Wednesday, October 21, 2015

Are You Exposing Yourself to These 10 Common Skin Allergy Triggers?

Is your allergist in Scottsdale constantly helping you battle skin allergies? It may be because you are constantly exposing yourself to common allergy and asthma triggers.

No touching!

Contact dermatitis, skin allergies characterized by rashes or skin irritation resulting from allergens coming in contact with your skin, affect up to 3 percent of adults. Its triggers are often common – and sometimes surprising.

When it comes to skin allergies, are you your own worst enemy?
  1. Perfumes.
    Not just Chanel No. 5, we’re talking shampoo, soap, detergents, dryer sheets, air fresheners, and more. Only products labelled “fragrance-free,” not unscented, are immune.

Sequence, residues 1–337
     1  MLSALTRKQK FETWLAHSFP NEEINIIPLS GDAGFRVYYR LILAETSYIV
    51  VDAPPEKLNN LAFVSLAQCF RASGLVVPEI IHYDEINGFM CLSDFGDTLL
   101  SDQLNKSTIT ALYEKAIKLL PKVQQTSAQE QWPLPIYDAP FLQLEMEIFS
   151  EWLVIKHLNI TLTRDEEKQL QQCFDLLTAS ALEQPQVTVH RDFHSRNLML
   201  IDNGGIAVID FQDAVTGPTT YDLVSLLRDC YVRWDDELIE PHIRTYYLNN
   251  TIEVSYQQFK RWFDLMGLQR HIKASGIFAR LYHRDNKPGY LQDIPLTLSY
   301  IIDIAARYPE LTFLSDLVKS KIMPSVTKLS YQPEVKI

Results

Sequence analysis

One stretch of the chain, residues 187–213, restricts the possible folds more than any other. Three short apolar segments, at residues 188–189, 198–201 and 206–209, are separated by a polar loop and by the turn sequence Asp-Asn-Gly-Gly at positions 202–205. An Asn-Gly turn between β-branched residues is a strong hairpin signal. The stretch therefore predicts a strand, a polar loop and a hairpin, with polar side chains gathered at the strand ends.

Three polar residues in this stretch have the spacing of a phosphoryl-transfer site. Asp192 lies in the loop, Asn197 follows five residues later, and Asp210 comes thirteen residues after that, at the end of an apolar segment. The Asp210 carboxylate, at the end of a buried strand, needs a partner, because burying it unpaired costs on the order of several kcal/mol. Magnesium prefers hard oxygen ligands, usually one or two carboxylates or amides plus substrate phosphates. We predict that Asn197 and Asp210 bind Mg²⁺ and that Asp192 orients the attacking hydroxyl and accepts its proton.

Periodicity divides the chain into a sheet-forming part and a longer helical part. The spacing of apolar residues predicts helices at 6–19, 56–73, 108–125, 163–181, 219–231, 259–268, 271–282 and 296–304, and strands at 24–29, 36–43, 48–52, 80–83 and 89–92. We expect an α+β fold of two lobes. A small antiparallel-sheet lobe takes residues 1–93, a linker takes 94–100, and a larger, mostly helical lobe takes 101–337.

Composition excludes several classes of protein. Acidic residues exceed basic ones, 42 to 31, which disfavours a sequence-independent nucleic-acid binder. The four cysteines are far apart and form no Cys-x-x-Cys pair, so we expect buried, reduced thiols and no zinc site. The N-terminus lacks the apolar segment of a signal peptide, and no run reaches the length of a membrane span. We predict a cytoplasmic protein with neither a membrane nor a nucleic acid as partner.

2. Nickel.
    Found in items from jewelry, watchbands, and glasses, to the zippers and buttons on your clothes, this common allergen can be worsened by sweat. To avoid sensitivity, items must be coated.
  3. Latex.
    Gloves, rubber bands, waistbands on pants, and more can contain latex, resulting in reactions from itchy eyes and rashes to difficulty breathing and vomiting.
  4. Dyes.
    To avoid contact dermatitis, a patch test is required prior to the application of hair dye or henna tattoos containing para-phenylenediamine (PPD).
  5. Clothing.
    Formaldehyde resins, used in clothing elastics and fabrics for waterproofing, shrinkage, and wrinkle resistance, can cause burning eyes, skin rashes, and chest tightness. Cotton, polyester, nylon, and acrylic are typically more lightly treated.
  6. Cosmetics.
    Preservatives such as formaldehyde, parabens, and thimerosal used in cosmetics can cause skin irritation at the site of contact.
  7. Creams and ointments.
    Neomycin, used in antibiotic and anaesthetic (pain relief) creams, ear drops, and eye drops, can irritate the skin. Not sure if that’s you? Try a patch test.
  8. Sunscreen.